We scanned the area with and without binoculars looking for signs of the enemy but found none, though I think everyone felt we were being watched.

The day was uneventful for us on the hill, this was not the case for some of the teams in the field, and whoever was manning the radio would keep us informed of the goings on in between relaying messages back and forth.

Then the rain came, hard at first then that cold drizzle. Now the hill was muddy too. This was going to be a miserable place.

Nightfall soon came and so did the rats, real big ones. Several of them even came up and visited the inside of the Comm tent; Tony (Pfc. Anthony Cardenas) was not a happy camper when they did. Other rats would scurry back and forth across the top of the hill from trash pile to trash pile. A lot of the garbage however, had been tossed down the sides of the hill and just outside the clearing on the top; they were now rummaging through it making noise. It was going to be difficult to differentiate between any movement by the enemy encroaching our position and the rats.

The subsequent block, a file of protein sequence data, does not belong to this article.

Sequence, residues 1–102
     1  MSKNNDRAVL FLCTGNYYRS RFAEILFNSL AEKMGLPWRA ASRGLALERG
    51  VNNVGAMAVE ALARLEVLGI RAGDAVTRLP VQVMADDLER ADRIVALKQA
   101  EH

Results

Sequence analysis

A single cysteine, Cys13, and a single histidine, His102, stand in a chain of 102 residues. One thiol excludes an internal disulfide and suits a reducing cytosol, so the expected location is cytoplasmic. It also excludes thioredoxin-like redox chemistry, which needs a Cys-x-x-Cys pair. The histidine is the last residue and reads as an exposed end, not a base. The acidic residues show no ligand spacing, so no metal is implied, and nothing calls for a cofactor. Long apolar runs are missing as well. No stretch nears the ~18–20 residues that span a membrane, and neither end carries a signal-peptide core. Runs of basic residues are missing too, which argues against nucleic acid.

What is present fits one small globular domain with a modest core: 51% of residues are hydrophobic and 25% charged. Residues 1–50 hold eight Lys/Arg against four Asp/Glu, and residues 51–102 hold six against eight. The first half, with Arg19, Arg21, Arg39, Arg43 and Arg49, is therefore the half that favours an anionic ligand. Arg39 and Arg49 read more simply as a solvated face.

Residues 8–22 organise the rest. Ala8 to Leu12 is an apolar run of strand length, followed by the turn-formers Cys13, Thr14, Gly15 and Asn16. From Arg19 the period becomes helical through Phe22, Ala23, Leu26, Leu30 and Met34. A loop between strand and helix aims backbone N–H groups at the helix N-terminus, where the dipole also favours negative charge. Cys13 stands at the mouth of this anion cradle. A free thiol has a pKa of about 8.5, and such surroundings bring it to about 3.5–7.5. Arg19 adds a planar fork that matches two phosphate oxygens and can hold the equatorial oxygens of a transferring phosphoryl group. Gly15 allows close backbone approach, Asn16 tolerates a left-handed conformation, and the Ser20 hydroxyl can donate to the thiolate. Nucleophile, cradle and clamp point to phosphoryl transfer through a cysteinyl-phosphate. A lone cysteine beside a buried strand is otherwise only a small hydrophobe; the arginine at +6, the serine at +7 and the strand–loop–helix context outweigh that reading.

I guess the enemy figured the same thing and wanted to test the new guys on the hill.

All through the night we would hear movement and noises. We would wait to either spot an enemy soldier or hear the distinct sound of equipment before tossing a grenade or two in their direction. They would also obligingly do the same. They would come from one direction as a diversion and then toss grenades from another. We were hugging the ground so we would not be silhouetted against the sky and afford the enemy precise targets. Every now and then we would be forced to engage the enemy with our small arms, M-79 grenade launcher and M-60 machine gun and a short firefight would be followed by silence.

It was during one of these encounters that a full magazine fell out of my ammo pouch landing next to me in the mud. I was preoccupied firing my weapon when I heard this thud next to me, thinking it was a grenade I swept my hand through the mud in a knee jerk reaction. To my surprise and embarrassment I tossed a full magazine at the enemy. I can still remember realizing what it was as it left my hand and seeing it flying through the air, the look on my face must have been something, but can you imagine the look on Charlie’s face.

We all kept crawling over the top, not staying in any one fixed position; that is except for Tony who was not only manning our radio and reporting our predicament, but also relaying messages from other teams to base.

While our probing by the enemy was going on, team 1C3 who were also attempting to set up a Radio Relay site in the same area on Hill 824 (Coordinates: YD019396) was experiencing the same activity. You could see the small arms fire being exchanged during the night.